Former George Washington University President Stephen Trachtenberg stepped in it Tuesday when he joined NPR’s The Diane Rehm Show for a discussion about fraternities and sororities on college campuses. The conversation turned to the role frats play in sexual assault cases and rape culture, and in defending Greek life, Trachtenberg backed into one of the more execrable recommendations about reducing college sexual assault.
As transcribed by Jezebel, Trachtenberg, now a professor of public service at the Foggy Bottom college, suggested that campus rapes will stop if female students are simply told to drink less.
Dr. Trachtenberg: My experience is that students that are in fraternities have higher grades on average than unaffiliated students. Uh, they get involved in philanthropic activities of one sort or another providing great numbers of hours of service and fundraising on behalf of good causes. They have the opportunity to get leadership training provided by the fraternities. They get other kinds of training as well. Combatting sexual misconduct, values-based—
Rehm: And you don’t see them participating in sexual misconduct?
Dr. Trachtenberg: No no! I think it turns out that there are good and bad in fraternities and out of fraternities. What we’re focusing here on is a general situation. I think what we’re doing is creating a false correlation. For example, we point out that the women don’t drink, don’t have sorority parties which have alcohol. They don’t have to. They go to the parties at the fraternities. So it’s not as if the women aren’t drinking. They are, in fact.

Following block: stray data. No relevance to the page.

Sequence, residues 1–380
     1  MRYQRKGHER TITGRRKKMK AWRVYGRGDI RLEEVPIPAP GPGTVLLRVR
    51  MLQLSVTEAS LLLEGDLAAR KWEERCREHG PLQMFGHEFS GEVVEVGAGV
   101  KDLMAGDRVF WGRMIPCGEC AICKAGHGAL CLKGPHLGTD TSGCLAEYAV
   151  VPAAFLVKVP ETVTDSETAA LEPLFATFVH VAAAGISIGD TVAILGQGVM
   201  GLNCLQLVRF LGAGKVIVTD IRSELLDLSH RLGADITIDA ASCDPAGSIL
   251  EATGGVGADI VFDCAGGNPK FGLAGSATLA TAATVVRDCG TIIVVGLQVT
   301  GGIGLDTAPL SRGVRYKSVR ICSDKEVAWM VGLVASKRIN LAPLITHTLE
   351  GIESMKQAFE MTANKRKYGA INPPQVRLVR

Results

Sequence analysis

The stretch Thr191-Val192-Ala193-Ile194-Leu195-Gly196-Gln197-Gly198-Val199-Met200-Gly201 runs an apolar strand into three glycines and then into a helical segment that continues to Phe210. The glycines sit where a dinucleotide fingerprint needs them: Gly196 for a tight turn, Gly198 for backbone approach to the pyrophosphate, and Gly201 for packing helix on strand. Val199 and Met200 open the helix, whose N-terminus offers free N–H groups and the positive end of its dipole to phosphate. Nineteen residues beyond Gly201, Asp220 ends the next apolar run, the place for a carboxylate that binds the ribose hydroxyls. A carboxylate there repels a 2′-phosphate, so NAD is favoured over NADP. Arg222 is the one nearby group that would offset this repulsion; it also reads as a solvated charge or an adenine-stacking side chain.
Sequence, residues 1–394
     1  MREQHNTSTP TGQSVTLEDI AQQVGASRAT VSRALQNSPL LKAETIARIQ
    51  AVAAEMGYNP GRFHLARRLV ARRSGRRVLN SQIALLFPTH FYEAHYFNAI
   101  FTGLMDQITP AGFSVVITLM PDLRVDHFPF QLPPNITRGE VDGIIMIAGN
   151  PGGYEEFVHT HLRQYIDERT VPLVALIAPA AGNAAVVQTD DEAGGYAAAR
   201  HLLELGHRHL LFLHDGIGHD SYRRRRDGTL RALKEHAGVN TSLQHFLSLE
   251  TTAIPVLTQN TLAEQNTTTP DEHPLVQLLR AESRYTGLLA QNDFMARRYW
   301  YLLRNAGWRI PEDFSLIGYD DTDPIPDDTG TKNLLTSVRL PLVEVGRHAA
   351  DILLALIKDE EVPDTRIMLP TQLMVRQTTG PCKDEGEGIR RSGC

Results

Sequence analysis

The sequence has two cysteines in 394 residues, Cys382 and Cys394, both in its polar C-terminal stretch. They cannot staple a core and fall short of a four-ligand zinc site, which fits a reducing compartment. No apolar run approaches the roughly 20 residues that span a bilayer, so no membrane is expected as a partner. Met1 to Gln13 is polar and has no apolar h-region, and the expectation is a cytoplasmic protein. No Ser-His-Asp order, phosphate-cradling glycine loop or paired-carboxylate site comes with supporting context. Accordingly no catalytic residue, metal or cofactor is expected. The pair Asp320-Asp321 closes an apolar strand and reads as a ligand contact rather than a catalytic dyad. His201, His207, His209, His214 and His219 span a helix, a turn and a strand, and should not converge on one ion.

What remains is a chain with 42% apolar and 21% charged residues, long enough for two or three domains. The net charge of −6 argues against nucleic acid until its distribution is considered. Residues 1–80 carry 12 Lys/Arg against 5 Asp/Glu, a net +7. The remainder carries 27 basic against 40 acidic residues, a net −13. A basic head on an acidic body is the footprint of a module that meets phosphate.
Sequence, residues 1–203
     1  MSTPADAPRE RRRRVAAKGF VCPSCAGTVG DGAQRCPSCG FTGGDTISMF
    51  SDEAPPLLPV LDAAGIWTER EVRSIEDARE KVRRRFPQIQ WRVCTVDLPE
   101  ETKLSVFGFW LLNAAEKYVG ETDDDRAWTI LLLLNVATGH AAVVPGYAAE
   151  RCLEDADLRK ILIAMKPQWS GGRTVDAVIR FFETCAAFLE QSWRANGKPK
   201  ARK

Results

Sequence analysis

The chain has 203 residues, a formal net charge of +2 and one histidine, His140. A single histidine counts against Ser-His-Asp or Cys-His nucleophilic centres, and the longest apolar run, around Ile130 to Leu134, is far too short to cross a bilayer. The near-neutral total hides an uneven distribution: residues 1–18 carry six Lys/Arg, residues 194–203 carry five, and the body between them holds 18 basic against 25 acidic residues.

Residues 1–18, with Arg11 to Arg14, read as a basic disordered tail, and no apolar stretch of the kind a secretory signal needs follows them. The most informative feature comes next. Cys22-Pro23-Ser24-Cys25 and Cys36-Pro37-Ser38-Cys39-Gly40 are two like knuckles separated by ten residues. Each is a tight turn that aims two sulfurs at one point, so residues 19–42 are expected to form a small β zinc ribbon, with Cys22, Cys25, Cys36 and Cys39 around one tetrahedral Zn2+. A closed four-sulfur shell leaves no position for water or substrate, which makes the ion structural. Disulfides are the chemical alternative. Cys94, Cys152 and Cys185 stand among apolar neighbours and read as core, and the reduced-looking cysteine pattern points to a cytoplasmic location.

Without making the victims responsible for what happens, one of the groups that have to be trained not to drink in excess are women. They need to be in a position to punch the guys in the nose if they misbehave. And so part of the problem is you have men who take advantage of women who drink too much and there are women who drink too much. And we need to educate our daughters and our children in that regard.
Trachtenberg’s prescription has been spouted off before, from widely circulated thinkpieces to finger-wagging police departments, and it always lands with a well-earned thud. Drinking to the point of incoherence or unconciousness is unhealthy, but it doesn’t transfer responsibility for a violent crime from the perpetrator to the victim.
But if this is the opinion of a former high-profile academic administrator like Trachtenberg, who’s surprised the the US Education Department is currently investigating 76 colleges and universities for poorly handled investigations of sexual assault cases? GW isn’t on that list (Catholic University and the University of Virginia are), but Trachtenberg’s comments on Diane Rehm don’t really restore any confidence.